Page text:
Selling Cinderella to our daughters

I have an adorable little 5-year old in my life who has spent Fridays with me since she was a newborn. She calls me Baba, Ukrainian for grandmother. Her real grandmother is my friend, Gail, who has graciously let me share her granddaughter (and her 3-year old grandson!) And because my grown kidlets are slow in producing grandchildren for me, these two are ideal targets of my grandmotherly love.

Lately, my 5-year old has developed a compelling interest in what I call ‘princess stuff’. Other than some Disney storybooks, her daily exposure to princess marketing is restricted; her family home has no television. Yet my admittedly limited observations of her and her little friends tell me that she’s not alone; most very small girls are ga-ga-girly over All Things Princess.

Enter Peggy Orenstein‘s new book called Cinderella Ate My Daughter. Continue reading

The alcohol industry’s “alcopop” strategy hooks underage drinkers

I remember the first time I tried a chilled bottle of lemonade-and-vodka at a backyard barbecue for our running group many summers ago. Fantastic!  It was such a hot afternoon, I had another icy cold one immediately after the first.  I may have had a couple more, in fact – they were that good. And, best of all, they didn’t even taste like real alcohol! Now a recent study* published in the January 2012 issue of the American Journal of Public Health investigates the sophisticated public relations and marketing strategies that industry is using to re-make the image of distilled spirits like my lemonade-and-vodka to specifically target underage drinkers.   Continue reading

The Hummer House


Zak Stone is the Assistant Editor of GOOD, the unique media platform that produces “a quarterly magazine, online videos, and events for people who give a damn”, as their website claims.  When Stone heard that General Motors was planning to phase out its Hummer vehicle a few years ago, he noted that few tears were shed.  It felt, he wrote, like poetic justice for the gas-guzzling, military-turned-luxury vehicle favoured by a certain former governor of California.

So he cheered the news that a pair of Los Angeles architects may have found a way to redeem this environmentally disastrous vehicle:   Continue reading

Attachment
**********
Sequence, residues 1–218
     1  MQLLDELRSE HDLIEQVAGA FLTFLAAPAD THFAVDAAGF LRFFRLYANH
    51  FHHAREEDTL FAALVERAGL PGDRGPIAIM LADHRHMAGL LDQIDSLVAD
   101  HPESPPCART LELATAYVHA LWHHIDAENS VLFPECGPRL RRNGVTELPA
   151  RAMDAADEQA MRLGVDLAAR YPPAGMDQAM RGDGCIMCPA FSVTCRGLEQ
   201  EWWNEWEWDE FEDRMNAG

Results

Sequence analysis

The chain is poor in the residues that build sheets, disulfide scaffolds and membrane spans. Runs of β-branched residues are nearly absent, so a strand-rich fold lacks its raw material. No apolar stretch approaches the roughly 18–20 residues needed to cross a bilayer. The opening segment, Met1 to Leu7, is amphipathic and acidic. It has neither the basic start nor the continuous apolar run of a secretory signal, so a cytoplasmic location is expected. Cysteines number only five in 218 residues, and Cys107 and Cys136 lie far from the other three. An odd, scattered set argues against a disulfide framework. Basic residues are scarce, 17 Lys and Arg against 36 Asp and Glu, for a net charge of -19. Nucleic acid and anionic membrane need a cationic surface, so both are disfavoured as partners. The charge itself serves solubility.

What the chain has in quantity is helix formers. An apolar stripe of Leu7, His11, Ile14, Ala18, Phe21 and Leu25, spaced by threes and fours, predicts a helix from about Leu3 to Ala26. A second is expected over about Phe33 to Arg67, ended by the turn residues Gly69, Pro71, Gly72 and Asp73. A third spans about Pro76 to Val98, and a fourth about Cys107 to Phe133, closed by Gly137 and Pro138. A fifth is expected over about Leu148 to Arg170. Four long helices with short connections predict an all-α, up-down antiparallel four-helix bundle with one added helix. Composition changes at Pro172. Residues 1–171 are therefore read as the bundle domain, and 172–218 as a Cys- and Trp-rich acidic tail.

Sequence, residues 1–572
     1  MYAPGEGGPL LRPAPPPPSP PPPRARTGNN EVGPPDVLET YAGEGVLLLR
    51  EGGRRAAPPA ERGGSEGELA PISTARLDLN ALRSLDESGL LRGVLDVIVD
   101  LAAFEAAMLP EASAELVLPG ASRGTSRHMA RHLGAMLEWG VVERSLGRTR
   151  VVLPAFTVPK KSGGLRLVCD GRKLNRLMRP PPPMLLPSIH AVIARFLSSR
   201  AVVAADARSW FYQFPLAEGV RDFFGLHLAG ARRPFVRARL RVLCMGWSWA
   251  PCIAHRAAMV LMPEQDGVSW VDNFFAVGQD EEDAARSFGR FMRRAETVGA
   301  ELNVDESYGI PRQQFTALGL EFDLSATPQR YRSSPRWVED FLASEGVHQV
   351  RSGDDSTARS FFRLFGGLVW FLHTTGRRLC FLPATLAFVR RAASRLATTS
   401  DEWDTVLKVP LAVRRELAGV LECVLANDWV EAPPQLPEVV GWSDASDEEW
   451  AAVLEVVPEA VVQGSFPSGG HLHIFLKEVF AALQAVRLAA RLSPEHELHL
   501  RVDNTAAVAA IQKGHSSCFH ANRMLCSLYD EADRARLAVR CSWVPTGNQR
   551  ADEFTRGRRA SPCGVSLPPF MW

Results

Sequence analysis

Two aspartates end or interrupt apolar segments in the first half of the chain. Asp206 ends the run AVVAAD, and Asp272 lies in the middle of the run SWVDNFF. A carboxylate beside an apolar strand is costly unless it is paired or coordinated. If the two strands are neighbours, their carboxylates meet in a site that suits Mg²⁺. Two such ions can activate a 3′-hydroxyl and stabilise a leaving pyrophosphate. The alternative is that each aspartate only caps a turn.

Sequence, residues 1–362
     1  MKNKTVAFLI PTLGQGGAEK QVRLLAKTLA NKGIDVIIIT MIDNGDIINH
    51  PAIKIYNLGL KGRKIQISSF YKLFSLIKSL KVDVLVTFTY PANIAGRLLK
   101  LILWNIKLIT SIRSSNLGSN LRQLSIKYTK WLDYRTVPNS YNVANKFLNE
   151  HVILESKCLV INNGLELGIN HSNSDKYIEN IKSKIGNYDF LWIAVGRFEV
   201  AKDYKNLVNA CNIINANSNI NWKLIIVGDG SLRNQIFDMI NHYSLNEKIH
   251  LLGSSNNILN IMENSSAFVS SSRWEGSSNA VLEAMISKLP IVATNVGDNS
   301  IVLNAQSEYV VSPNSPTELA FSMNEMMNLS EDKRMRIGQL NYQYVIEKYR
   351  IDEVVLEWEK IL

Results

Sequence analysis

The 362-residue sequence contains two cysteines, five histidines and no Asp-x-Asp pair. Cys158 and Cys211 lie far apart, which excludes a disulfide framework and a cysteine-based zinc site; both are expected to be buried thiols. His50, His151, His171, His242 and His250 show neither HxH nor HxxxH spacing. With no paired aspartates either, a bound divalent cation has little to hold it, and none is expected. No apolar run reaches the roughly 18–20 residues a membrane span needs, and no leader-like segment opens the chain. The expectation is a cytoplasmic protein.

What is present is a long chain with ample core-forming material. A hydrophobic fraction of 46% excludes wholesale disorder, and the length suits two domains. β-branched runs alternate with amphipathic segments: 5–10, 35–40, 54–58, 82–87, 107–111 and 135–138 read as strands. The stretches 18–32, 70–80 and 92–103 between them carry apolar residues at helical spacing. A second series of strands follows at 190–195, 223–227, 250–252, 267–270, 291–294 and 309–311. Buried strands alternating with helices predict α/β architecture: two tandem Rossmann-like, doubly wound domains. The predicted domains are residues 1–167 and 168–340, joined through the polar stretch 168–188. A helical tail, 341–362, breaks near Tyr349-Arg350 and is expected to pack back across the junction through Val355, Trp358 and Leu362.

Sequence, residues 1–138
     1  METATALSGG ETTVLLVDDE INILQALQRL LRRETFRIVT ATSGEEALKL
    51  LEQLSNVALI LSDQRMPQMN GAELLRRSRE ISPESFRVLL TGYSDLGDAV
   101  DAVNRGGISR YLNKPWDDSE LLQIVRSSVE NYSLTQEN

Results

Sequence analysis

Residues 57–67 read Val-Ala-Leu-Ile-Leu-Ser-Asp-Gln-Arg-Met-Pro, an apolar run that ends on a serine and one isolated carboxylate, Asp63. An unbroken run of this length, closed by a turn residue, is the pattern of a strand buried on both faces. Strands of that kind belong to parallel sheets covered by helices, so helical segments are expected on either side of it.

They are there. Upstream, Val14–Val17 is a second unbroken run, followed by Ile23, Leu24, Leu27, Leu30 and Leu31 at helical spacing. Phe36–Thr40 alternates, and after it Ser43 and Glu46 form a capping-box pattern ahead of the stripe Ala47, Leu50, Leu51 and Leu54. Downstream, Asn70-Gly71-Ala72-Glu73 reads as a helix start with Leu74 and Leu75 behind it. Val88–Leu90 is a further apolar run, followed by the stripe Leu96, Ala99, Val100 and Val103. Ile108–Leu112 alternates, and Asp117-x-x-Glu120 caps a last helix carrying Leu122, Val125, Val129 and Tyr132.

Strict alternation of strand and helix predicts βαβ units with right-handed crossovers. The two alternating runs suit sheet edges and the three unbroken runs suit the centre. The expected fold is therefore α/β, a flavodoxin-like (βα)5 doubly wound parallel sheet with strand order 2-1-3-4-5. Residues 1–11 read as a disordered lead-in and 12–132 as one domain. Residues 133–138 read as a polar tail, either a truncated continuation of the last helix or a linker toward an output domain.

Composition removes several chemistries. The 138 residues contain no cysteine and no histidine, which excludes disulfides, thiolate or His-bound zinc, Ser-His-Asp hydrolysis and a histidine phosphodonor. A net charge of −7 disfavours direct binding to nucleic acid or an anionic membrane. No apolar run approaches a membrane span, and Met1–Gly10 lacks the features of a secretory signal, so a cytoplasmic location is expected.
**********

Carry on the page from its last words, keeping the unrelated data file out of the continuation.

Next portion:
Why men buy, but women shop

Men want to go to Sears, buy a specific tool and get out. That’s the message of a study called “Men Buy, Women Shop” in which researchers found that women react more strongly than men to personal interaction with retail sales staff. Men, on the other hand, are more likely to respond to more utilitarian aspects of the experience – such as ease in parking the car, whether the item they came for is in stock, and the length of the checkout line.

The study was undertaken by the University of Pennsylvania’s Wharton School of Business (Jay H. Baker Retail Initiative) and the Verde Group, a Toronto consulting firm. According to Wharton marketing professor Dr. Stephen J. Hoch, shopping behaviour mirrors gender differences throughout many aspects of life:

“Women think of shopping in an interpersonal, human fashion while men treat it as more instrumental. It’s a job to get done.”

Continue reading

Seven diseases Big Pharma hopes you get in 2012

Until recently, drug companies selling blockbuster drugs were the darlings of stock market investors. But of course, not all diseases are blockbusters, warns Martha Rosenberg in a recent AlterNet essay. Supply-driven marketing, also known as “Have Drug – Need Disease and Patients” – not only turns us into pill-popping hypochondriacs, she claims, but it distracts from Big Pharma’s drought of real drugs for real problems.

She reminds us that, in order to be considered a true blockbuster disease, a condition must:

  • really exist but have huge diagnostic “wiggle room” and no clear-cut tests
  • be potentially serious with “silent symptoms” said to “only get worse” if untreated
  • be “under-recognized,” “under-reported” with “barriers” to treatment
  • explain hitherto vague health problems that a patient has had
  • have a catchy name — ED, ADHD, RLS, Low T or IBS — and instant medical identity
  • need an expensive new drug that has no generic equivalent

Martha suggests the following conditions that just might turn into potential blockbuster diseases – the ones that Big Pharma hopes you get this year:   Continue reading